“My View” from the Aug. 20, 2012, edition of “Viewpoint with Eliot Spitzer.”
For a party intent on closing a gender gap that could spell electoral disaster and pushing back against what it says is a misplaced claim that it’s conducting a metaphorical war on women, the Republican Party sure keeps saying the most remarkable things.
Put aside for the moment persistent efforts to de-fund Planned Parenthood, pass personhood and mandatory invasive ultrasound bills, or even to put vehemently anti-choice Paul Ryan on the ticket. Now this from Todd Akin — for now, the Republican Senate candidate from Missouri — a new distinction: legitimate rapes versus illegitimate rapes. Really?
And then Akin informs us, based on the wisdom of the world of fake science that he and others on the far right populate, that the body can shut down a pregnancy in cases of “legitimate” rape. So even in the most extreme cases, abortion should not be legal.
For the record, about 32,000 pregnancies every year result from rape.
Akin has few friends right now, even among his own party, where Mitt Romney, Senate Minority Leader Mitch McConnell, Texas Sen. John Cornyn — who also serves as chairman of the NRSC [National Republican Senatorial Committee] — and virtually every Republican Senate candidate in the states that will determine control of the Senate have turned on him. And that — control of the Senate — is really what is at stake here.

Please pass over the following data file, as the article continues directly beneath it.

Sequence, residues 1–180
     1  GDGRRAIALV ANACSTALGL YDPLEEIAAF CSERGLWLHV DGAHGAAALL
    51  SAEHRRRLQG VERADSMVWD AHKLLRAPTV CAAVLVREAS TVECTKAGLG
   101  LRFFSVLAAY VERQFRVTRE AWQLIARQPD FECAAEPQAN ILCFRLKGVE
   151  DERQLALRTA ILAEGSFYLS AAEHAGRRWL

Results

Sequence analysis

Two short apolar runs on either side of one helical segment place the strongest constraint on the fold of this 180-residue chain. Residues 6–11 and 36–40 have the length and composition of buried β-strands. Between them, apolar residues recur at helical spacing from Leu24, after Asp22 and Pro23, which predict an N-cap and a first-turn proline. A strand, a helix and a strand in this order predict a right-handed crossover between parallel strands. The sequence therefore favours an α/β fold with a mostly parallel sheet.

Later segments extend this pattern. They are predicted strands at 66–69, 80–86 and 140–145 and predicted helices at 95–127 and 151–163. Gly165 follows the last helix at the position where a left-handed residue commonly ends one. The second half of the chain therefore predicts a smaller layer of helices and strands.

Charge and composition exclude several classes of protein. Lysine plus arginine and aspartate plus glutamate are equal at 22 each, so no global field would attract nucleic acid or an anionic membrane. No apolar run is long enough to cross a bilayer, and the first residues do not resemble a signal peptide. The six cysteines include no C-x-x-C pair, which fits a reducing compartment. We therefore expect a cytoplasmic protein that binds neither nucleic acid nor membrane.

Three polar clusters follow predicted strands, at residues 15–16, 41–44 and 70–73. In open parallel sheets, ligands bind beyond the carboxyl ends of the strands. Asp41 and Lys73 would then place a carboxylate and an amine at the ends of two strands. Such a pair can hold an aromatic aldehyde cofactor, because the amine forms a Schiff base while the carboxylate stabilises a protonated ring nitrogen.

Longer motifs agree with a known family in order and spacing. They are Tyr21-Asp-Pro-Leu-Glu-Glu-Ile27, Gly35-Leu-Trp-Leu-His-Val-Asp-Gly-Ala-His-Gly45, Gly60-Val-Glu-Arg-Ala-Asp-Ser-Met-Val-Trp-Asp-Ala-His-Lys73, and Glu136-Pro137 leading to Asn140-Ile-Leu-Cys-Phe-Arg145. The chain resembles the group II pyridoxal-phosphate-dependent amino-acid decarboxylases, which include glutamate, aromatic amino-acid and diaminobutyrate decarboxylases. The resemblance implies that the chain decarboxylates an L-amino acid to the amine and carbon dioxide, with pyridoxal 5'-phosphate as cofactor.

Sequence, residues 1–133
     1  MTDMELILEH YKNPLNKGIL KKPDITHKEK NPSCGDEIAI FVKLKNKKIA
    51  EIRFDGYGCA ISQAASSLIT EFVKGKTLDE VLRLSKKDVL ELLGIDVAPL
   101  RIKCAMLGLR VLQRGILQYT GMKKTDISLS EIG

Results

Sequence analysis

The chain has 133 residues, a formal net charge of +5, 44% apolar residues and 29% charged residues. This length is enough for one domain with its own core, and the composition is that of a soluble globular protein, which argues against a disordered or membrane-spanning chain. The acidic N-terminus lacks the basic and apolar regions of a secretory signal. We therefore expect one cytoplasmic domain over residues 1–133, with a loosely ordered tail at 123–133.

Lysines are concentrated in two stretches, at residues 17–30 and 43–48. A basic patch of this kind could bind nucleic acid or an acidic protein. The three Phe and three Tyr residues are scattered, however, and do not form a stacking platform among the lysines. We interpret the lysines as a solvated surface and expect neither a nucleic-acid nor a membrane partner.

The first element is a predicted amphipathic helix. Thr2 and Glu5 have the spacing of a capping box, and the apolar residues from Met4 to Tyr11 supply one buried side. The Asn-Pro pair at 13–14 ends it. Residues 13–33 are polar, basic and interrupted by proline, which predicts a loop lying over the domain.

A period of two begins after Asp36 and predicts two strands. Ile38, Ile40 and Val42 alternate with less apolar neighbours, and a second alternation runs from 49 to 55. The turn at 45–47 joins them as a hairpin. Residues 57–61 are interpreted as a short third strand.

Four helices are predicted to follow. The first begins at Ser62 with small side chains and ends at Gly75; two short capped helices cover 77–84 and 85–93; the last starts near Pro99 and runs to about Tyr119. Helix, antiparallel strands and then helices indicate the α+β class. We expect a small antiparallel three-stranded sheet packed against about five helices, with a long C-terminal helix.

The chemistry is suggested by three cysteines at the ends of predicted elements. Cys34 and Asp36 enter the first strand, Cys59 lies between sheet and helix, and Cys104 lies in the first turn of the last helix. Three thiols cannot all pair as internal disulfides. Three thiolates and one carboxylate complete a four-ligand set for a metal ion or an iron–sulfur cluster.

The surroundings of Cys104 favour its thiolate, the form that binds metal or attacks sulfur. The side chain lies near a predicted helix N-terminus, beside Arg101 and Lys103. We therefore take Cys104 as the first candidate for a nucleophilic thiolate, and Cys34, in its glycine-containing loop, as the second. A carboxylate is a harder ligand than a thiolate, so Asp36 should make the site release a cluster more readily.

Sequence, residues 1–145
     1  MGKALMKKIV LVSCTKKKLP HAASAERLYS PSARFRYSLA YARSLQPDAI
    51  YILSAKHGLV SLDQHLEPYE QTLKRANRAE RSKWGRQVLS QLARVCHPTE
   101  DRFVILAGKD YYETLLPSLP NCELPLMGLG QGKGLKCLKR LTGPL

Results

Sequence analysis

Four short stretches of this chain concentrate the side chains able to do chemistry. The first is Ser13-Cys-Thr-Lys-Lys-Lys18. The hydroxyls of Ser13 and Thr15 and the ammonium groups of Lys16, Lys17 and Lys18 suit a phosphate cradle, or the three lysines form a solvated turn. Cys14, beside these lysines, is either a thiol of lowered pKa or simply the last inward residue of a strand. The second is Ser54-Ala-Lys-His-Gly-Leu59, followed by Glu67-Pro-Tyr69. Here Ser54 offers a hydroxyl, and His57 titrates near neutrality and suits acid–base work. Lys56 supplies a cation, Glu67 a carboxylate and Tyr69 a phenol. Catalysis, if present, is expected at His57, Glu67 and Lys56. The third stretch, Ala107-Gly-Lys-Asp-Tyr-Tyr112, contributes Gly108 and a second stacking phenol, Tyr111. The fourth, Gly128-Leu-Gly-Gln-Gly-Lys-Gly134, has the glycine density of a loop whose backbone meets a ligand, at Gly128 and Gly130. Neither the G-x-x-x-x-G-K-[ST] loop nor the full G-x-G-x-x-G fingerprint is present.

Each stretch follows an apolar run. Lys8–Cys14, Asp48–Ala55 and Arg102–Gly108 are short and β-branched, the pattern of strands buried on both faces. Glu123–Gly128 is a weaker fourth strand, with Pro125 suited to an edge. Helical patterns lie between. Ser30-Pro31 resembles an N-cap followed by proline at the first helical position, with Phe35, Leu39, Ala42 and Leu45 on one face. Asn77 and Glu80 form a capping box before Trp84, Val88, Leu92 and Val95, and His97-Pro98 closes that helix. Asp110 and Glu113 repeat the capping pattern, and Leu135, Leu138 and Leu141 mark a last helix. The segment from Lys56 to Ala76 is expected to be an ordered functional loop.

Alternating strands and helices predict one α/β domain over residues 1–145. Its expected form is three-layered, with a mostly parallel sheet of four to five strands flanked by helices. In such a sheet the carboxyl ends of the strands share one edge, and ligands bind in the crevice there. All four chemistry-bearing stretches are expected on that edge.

Whether a Republican Party dependent on the tea party controls the Senate is a hugely important issue. Let’s not forget what hinges on this: The capacity to confirm justices and judges, confront serious structural issues in our economy, and keep from sliding into the worldview of fundamentalism that rejects science — all at stake this November.
We should not be fooled that Akin’s statement, merely because it is so offensive and quickly retracted or clarified, is a mere slip. It actually represents the worldview of Akin and his many like-minded Republican colleagues. His comments are part and parcel of a view of civil rights, women’s rights and science that should be antithetical to a modern society. It reflects a worldview that has held up progress on too many serious issues, a form of “know-nothingism” for the modern era, a rejection of the very notion of learning.
So Republican rejection of the statement is fine — and appreciated. But until there is a broader Republican rejection of what the statement stands for, those rejections ring awfully hollow.
That’s “My View.”